1) The other one being Brisbane and Gold Coast at 100km apart, I would say we're just concentrated on the coast line, not at all huge.
I'm probably an ignorant southerner, but isn't "Gold Coast" just a fancy name for "the outer suburbs of Brisbane"?
People managed to navigate without all this garbage.
And if their maps wrongly placed their destination in completely the wrong place, they'd be equally screwed.
What's your point?
Before there is too much stupidity, if you've never been to Australia, please realise:
1. It's huge. Really huge. I live in one out of two of the closer-together cities in Australia, and they're about 800kms apart. In the other direction, the next major city is 2,500kms away.
2. It's mostly empty (in terms of civilization). Think of driving through rural Utah or Arizona, which are quite similar to the Australian bush.
3. It's mostly flat and full of similar looking landscape.
4. National parks and non-national park areas often look quite similar.
5. There's usually only one or two ways to get around in the country.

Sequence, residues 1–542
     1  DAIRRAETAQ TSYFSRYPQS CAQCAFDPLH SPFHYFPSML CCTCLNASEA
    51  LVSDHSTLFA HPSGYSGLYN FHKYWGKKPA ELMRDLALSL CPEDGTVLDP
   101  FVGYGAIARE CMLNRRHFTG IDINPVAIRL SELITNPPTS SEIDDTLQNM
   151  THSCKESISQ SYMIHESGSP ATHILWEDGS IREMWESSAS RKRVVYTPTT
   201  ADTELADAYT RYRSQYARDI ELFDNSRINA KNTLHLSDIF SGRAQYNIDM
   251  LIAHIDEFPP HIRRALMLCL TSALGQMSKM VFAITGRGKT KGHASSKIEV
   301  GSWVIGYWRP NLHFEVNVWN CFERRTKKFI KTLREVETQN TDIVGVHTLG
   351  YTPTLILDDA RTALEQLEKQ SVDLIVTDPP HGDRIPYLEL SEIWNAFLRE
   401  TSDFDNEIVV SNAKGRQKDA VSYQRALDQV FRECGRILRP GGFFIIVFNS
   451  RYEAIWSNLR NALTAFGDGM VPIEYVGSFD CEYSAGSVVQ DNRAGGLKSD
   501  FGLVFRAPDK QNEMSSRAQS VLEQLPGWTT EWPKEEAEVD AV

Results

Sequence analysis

6. Mildura is a small town in the middle of bloody nowhere. If I was driving there from here I'd expect to pass through a handful of tiny settlements on the way.
So if you are relying on your GPS to get you somewhere outside a major city, it's actually quite plausible and reasonable that you might not have much idea that you're being led off in the wrong direction until you (don't) get there.
It's also quite plausible that you can die - it has happened before. People get lost, they run out of fuel, they don't have water, the temperature easily gets up into the 40-50C range and - dead.
Sooner or later Windows will be updated in a way that Steam won't run on it
Given that Windows 7 (what I use... haven't tried 8) still natively runs things designed for Windows 95 and 98, I'm not sure when or how you think Steam is going to "stop working" on Windows.